by Richard Brandi
Originally published in the WNP Member Newsletter, Spring 2002
West Portal is not generally thought of as having been built by famous architects or developers, as is St. Francis Wood and Forest Hill. The man who developed West Portal is known in Victorian circles as a builder in the Mission and Castro in the 19th century. Yet he was one of San Francisco's most prolific homebuilders whose career (and that of his sons) spans seven decades and includes many of San Francisco's architectural styles.
Fernando Nelson developed most of what is now called West Portal (bounded by Taraval, Kensington, Portola Drive, Sloat Blvd, 19th Avenue and Wawona).
In 1916, Fernando Nelson & Sons bought 49 acres adjacent to the western entrance of the Twin Peaks tunnel for $300,000. Nestled between the edge of the old Rancho San Miguel on the west and St. Francis Wood on the east, he called the district "West Portal Park."
The name was probably an effort to capitalize on the "residential park" mystique popular at the time for denoting exclusive areas such as St Francis Wood and Forest Hill.
He quickly subdivided the land into lots and built many of the homes along West Portal Avenue, the western side of Portola Drive, the 100- 200- and 300-blocks of Wawona, both blocks of Forest Side and both blocks of Madrone. Some of the original sewer vents on these streets still bear his mark.
Although known as a Victorian builder (see "Victoria's Legacy," by Judith Waldhorn), Fernando Nelson and his sons are credited with constructing 4,000 homes in San Francisco from 1876 through the post World War II period. Born in New York in 1860, Fernando came to San Francisco and built his first house at 407 30th Street at the age of 16.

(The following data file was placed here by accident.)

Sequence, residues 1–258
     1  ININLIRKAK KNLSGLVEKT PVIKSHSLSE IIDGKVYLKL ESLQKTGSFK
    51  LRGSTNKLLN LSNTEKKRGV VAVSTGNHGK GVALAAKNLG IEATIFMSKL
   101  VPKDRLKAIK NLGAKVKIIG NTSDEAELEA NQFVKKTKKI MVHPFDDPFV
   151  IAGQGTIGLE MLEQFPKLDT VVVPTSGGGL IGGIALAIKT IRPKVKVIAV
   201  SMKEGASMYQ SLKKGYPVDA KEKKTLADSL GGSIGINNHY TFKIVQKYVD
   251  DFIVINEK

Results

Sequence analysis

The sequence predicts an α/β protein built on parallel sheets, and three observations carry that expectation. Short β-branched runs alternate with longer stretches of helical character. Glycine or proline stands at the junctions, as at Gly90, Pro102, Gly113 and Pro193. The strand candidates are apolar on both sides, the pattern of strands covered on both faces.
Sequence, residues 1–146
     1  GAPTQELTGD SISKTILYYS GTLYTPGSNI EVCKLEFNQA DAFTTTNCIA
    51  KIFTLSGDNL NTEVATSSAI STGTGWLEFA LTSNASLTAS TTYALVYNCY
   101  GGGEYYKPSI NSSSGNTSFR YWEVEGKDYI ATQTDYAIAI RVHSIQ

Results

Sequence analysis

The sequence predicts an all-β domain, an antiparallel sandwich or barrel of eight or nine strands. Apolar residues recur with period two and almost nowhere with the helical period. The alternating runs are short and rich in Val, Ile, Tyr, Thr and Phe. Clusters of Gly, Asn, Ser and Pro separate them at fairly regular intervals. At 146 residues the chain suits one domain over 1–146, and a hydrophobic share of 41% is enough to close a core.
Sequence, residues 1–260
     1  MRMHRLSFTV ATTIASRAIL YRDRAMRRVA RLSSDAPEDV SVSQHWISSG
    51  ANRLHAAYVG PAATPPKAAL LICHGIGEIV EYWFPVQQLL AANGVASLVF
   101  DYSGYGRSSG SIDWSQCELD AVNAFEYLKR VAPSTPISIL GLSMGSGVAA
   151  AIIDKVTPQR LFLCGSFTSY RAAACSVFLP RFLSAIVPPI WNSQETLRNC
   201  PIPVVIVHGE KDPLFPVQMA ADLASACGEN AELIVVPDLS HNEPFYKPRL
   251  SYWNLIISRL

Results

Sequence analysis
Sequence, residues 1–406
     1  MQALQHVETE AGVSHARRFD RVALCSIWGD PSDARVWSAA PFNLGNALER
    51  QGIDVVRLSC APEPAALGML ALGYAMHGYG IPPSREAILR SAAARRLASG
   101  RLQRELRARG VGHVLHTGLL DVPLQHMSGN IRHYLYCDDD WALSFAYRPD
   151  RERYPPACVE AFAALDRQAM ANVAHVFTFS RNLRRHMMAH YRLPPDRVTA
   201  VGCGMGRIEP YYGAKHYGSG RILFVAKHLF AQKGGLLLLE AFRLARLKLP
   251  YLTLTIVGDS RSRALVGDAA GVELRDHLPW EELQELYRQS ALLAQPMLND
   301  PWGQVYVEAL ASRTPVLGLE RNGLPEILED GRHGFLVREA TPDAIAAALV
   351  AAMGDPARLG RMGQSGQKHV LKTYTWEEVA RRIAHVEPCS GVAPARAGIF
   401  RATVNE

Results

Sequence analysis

He continued building Victorians in the Mission and Castro districts during the 1870s, 1880s, and 1890s, adopting to the prevailing tastes of the day while adding a few signature details of his own. He was not an architect and borrowed freely from others in building modest homes for working-class families.
In the early 1900s, his sons Frank Fernando Nelson and George R. Nelson joined their father. Business must have been good because Fernando could afford to live in Presidio Terrance and indulge his passion for road racing at a time when cars were a luxury. He won several races from San Francisco to Los Angeles.
By the turn of the 20th century his strategy was to buy land and build homes as soon as new streetcar lines were laid in the Richmond and Sunset districts. In the Richmond, he built a variety of homes from late Queen Anne to Edwardian and even some Craftsman style homes (see the article by John Freeman).
His son Frank is credited with designing homes built from about 1914 onward, including many of the houses in West Portal. He too was not an architect and, according to his brother George, Frank's formal training consisted of a few correspondence courses.
William Nelson built many of the houses in Merced Manor in the mid-1930s, one of the firm's last large-scale developments. Fernando died in 1953 at the age of 93 and the business closed soon thereafter, ending a long chapter of San Francisco home building.
Richard Brandi is a West Portal resident and architectural historian specializing in historic preservation. He is the author of the WNP publication "A Brief History of West Portal". He would be delighted to hear from anyone with knowledge on Fernando Nelson & Sons. You can email him at email@example.com or call at 415 753-5130.
Read more about Nelson's construction style and Richmond District work. Nelson also developed Parkway Terrace in the Sunset district!
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Page launched 1 July 2002; Updated 21 October 2007